Scotland’s Future, the 670-page report published last week by the Scottish Government promoting Scottish independence, includes detailed plans on how the BBC, the Royal Mail and the security services would be divided up if Scotland votes in favour of a split next September. Continue reading “Scotland’s Future NHS under independence: much like the existing one?”
Last week, Victoria Macdonald, who has covered health and social care for Channel 4 News since 1999, felt that she needed to let everyone know that she does not hate the NHS. This followed online accusations that she did, one nastily linked to her daughter’s treatment for a head injury in an NHS hospital. Continue reading “No NHS criticism please, we’re British?”
One year ahead of the referendum, The Register last week published my assessment of the choices an independent Scotland would face on government IT.
It’s a mixed picture. Some sections of the public sector, such as the NHS, education and the emergency service, are already run by Scotland on a devolved basis, and so is their IT. But the UK-wide ones that would need to be unscrambled are also the biggest: HM Revenue and Customs, Department for Work and Pensions and secret (leaving aside Edward Snowden’s cornucopia of stories) surveillance. Continue reading “An independent Scotland’s tough government IT choices for The Register”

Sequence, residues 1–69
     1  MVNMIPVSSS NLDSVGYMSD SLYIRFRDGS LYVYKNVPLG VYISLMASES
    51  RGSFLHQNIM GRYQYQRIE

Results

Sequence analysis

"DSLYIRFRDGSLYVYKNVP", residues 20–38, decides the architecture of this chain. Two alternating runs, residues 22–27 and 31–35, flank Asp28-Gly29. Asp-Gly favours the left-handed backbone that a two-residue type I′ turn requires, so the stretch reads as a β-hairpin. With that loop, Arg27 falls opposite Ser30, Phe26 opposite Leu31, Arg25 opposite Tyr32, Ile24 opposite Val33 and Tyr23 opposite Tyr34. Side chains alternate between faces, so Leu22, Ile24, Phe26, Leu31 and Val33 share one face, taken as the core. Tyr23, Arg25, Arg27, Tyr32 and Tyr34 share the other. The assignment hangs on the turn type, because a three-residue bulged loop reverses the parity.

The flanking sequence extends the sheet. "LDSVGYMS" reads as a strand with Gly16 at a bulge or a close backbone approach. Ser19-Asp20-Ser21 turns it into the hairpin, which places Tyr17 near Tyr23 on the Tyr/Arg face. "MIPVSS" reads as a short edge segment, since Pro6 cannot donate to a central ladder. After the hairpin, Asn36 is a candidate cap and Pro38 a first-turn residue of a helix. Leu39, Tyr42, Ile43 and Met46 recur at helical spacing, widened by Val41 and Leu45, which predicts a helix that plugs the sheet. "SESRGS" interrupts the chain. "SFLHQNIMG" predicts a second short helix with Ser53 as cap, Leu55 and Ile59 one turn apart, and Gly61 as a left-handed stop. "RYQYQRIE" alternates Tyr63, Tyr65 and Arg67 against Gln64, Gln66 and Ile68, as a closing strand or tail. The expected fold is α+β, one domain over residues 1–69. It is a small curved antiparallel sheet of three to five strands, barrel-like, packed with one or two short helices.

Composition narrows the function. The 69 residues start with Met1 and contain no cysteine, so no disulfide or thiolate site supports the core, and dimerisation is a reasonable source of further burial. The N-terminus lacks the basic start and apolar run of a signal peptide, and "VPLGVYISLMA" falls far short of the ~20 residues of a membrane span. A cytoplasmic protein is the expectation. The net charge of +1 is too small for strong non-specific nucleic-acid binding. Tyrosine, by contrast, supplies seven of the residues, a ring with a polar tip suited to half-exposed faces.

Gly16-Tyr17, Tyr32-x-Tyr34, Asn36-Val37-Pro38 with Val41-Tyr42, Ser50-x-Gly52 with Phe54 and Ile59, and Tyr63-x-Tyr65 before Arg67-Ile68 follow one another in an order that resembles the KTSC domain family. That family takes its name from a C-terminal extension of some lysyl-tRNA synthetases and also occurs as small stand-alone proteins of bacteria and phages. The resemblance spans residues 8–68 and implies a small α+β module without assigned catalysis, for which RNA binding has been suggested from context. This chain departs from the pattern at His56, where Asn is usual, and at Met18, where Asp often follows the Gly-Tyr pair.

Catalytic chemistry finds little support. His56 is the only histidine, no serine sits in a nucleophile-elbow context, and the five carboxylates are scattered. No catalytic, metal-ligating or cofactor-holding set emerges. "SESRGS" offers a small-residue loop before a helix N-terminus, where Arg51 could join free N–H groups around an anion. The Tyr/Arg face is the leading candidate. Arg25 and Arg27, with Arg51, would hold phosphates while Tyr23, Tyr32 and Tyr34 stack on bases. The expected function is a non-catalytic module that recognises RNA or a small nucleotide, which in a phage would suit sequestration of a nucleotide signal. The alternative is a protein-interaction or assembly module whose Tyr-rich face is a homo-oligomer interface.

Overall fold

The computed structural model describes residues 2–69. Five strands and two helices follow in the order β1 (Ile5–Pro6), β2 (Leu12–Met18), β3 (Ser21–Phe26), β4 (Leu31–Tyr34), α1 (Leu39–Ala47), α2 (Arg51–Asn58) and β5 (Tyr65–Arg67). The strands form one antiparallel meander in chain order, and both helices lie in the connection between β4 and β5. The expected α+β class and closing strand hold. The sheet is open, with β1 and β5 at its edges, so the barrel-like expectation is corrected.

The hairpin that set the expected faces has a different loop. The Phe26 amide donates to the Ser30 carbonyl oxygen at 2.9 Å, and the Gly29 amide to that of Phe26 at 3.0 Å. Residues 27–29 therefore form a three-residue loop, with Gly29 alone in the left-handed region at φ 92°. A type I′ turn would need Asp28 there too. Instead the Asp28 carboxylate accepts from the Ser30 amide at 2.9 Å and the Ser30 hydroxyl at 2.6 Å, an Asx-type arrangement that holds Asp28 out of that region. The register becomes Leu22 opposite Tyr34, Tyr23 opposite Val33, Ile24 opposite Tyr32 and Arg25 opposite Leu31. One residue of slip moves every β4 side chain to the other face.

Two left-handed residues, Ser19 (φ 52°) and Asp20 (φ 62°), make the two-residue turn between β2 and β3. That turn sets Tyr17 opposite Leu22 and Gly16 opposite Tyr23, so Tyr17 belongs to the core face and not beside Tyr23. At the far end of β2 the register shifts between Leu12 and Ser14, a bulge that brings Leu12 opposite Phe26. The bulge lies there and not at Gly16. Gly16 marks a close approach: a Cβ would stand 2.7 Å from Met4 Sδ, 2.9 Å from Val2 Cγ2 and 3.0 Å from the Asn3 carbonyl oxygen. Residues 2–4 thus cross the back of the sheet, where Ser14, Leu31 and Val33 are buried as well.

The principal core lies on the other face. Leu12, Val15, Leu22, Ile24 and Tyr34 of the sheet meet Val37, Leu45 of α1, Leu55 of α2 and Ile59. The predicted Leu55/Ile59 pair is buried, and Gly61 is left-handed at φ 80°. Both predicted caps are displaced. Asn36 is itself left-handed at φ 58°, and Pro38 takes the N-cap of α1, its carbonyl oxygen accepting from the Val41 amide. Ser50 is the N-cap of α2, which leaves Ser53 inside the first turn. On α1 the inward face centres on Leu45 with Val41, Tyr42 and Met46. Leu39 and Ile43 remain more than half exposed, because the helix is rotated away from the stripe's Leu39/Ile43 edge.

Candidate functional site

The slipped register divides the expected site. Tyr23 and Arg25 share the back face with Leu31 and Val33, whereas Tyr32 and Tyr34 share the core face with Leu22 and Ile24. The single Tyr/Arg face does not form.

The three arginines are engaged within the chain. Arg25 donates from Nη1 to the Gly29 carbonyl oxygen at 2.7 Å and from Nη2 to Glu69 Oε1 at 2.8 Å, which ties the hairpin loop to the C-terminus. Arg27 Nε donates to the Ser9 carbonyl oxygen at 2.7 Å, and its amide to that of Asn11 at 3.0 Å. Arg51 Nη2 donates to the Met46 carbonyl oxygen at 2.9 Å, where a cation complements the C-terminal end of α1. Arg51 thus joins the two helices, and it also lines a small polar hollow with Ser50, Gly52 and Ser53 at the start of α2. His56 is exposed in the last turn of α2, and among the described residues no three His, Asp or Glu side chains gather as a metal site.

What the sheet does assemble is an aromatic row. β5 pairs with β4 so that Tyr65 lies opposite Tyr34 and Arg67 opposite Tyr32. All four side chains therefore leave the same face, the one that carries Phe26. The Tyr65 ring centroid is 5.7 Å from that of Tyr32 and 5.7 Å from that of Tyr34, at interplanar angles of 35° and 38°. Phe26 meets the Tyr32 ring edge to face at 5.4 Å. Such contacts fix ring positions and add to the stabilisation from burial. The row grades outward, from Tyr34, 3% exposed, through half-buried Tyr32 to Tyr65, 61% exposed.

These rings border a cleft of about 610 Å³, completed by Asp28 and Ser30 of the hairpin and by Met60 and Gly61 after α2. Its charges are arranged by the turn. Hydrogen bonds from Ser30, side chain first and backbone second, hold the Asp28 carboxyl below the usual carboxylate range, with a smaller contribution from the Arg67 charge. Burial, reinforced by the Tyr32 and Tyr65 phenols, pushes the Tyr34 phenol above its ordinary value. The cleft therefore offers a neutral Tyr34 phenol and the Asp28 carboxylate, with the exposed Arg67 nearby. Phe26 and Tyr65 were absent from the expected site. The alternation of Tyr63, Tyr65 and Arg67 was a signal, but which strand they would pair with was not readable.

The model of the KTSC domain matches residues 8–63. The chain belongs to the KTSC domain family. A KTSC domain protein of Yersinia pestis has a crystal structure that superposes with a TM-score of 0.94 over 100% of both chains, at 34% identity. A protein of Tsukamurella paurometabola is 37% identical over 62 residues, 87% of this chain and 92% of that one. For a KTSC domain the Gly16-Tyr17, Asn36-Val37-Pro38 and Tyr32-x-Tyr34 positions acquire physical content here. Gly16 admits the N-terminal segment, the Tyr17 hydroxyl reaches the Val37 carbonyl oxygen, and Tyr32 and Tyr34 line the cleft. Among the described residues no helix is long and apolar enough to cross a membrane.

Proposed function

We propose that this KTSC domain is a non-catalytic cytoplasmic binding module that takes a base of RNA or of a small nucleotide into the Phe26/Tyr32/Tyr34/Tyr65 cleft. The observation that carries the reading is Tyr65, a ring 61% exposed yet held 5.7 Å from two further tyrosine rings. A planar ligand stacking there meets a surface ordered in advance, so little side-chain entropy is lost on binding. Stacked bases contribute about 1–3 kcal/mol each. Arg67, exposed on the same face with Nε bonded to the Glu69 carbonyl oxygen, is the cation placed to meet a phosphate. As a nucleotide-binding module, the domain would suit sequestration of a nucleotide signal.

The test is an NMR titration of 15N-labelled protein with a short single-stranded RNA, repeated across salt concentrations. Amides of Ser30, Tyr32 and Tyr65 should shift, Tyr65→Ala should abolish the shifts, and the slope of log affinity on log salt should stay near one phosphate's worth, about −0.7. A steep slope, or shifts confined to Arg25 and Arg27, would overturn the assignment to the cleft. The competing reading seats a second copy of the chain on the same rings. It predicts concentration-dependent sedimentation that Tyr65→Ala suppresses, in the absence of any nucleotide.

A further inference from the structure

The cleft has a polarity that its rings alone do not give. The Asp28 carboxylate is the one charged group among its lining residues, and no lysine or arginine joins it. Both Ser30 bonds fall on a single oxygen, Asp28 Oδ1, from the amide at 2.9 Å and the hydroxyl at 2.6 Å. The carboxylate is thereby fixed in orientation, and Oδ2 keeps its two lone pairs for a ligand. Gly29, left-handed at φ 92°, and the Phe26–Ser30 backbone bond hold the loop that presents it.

Today sees the funeral of Baroness Thatcher, the prime minister who saved/crippled Britain, giving new hope to/tearing the soul out of its communities and reforming/undermining the public sphere, delete according to preference.
But it’s more complicated than that. If it wasn’t, the NHS would not have survived her leadership in its current form. It turns out that, when Margaret Thatcher said “the NHS is safe in our hands”, she was pretty much right. She changed it, but not nearly as much as you would have expected. Continue reading “Margaret Thatcher, preserver of the NHS. Yes, really”
Helped by grant money, three community groups have succeeded in purchasing their land collectively
Today on the Guardian’s Social Enterprise Network I write about two decades of community land ownership in the north-west Highlands of Scotland. Assynt Crofters’ Trust bought the land on which 13 townships stand on 1 February 1993, and the majority of the huge, but very lightly populated, area around Lochinver is now owned by its community. Today sees a further step, with a government-funded community purchase (the Scottish Land Fund, via the Big Lottery Fund) of the smokehouse in Achiltibuie, a little to the south – along with three announcements elsewhere in Scotland. Continue reading “Four Scottish communities purchase their neighbourhoods”